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Allow Administrator to Force User Logoff? RRS feed

  • Question

  • My organization is using a combination of Windows XP and Windows 7
    workstations in an ActiveDirectory domain.  By policy, we do not permit
    fast user switching; no more than one person may be logged in to a
    workstation at a time.

    We also have a problem of users walking away (distracted by multiple
    tasks or situations requiring immediate response, not deliberate
    abandonment) from the workstation and neglecting to log off.  Education
    is ... less than optimally effective.  We have the system set so that if
    the workstation goes idle, it locks, and requires the user to provide
    their domain credentials to unlock the workstation.

    On the Windows XP workstations, we can also provide an administrator's
    credentials, and this will force the locked user to be logged off,
    losing any open work, but not "crashing" anything.

    On the Windows 7 workstations, we do not appear to have this option; we
    must either have the user unlock the workstation - not always possible -
    or "crash" the workstation (hard power-off and reboot).  This is less
    than entirely satisfactory.  Is there a way to set the Windows 7
    workstations to behave as the Windows XP workstations do, and allow an
    administrator to supply his own credentials to force the locking user to
    be logged off?


    -- Jeff Zeitlin
    Thursday, February 24, 2011 1:42 PM

Answers

  • There is no simple solution for your situation. The easiest thing would be a thin client infrastructure and smart cards authentification. But I am also sure this is not what you are looking for, now. As long as users will share a computer, there will be always problems. You can use this logoff screensaver for Windows 7 to end sessions that are idle for a certain amount of time.
    Sunday, February 27, 2011 5:06 AM

All replies

  • Offhand the only possible option I would see would work on a stand-alone workstation since you can't use the classic logon in a domain environment.  You can use a "shutdown -L -F" for example "shutdown -m \\%computername% -L -F" to send a logoff command remotely to the workstation in question.

    The GPO you are configuring I am guessing is "Hide entry points for Fast User Switching" The question that comes to mind is what is the reason you are trying to disable fast user switching?  To save resources in case too many users are on one workstation or something else?

    If that is the GPO you are configuring it isn't disabling the functionality, it is simply hiding it from being used, and if there is a security concern with the fast user switching capability I don't think this would necessarilly alleviate that.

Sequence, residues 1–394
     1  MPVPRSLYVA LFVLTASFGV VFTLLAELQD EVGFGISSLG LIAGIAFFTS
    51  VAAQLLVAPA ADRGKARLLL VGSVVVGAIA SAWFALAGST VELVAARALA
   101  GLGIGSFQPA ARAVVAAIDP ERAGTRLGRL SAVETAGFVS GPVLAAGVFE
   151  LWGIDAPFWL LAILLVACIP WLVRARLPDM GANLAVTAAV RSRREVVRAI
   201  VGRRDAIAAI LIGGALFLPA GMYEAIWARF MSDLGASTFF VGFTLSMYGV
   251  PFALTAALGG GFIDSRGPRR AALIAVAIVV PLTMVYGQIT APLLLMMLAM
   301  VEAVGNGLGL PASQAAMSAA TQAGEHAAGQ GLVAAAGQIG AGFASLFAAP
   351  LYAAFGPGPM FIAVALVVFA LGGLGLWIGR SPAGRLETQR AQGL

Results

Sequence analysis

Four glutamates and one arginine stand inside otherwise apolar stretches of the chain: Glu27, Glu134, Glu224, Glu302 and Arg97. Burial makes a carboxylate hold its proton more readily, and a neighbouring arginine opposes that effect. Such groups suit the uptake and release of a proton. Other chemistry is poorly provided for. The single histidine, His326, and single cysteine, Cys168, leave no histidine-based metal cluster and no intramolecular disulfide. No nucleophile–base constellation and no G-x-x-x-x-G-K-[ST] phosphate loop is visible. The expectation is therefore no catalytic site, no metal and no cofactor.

• Edited by Poltergheist Thursday, February 24, 2011 3:57 PM added a bit of info
    Thursday, February 24, 2011 3:55 PM
  • Hi,

    Please check whether the following link helps:

    Use the Remote Shutdown Tool to Shutdown, Restart, or Logoff a Local or Networked Computer
    http://maximumpcguides.com/windows-vista/use-the-remote-shutdown-tool-to-shutdown-restart-or-logoff-a-local-or-networked-computer/  

    Please Note: Since the web site is not hosted by Microsoft, the link may change without notice. Microsoft does not guarantee the accuracy of this information.

    If not, please describe your requirements more detail.

    Thanks.
    Nina


    Please remember to click “Mark as Answer” on the post that helps you, and to click “Unmark as Answer” if a marked post does not actually answer your question. This can be beneficial to other community members reading the thread.
    Friday, February 25, 2011 10:38 AM
  • On Thu, 24 Feb 2011 15:55:51 +0000, Poltergheist wrote:

    Offhand the only possible option I would see would work on a stand-alone workstation since you can't use the classic logon in a domain environment.  You can use a "shutdown -L -F" for example "shutdown -m\\%computername% <file://\\%computername%> -L -F" to send a logoff command remotely to the workstation in question.

    This matches the information in the link that Nina Liu mentioned in the
    message after yours in the thread; however, that link appears to
    indicate that -m and -l cannot be used together - whereas that
    combination, as you suggest above, is exactly what I appear to want.
    Admittedly, the linked article talks about Vista, rather than Windows 7,
    and perhaps it's changed, but...  can anyone verify whether the
    exclusion still holds (I'm on vacation this week, and don't have access
    to an environment to test)?

    The GPO you are configuring I am guessing is "Hide entry points for Fast User Switching" The question that comes to mind is what is the reason you are trying to disable fast user switching?  To save resources in case too many users are on one workstation or something else?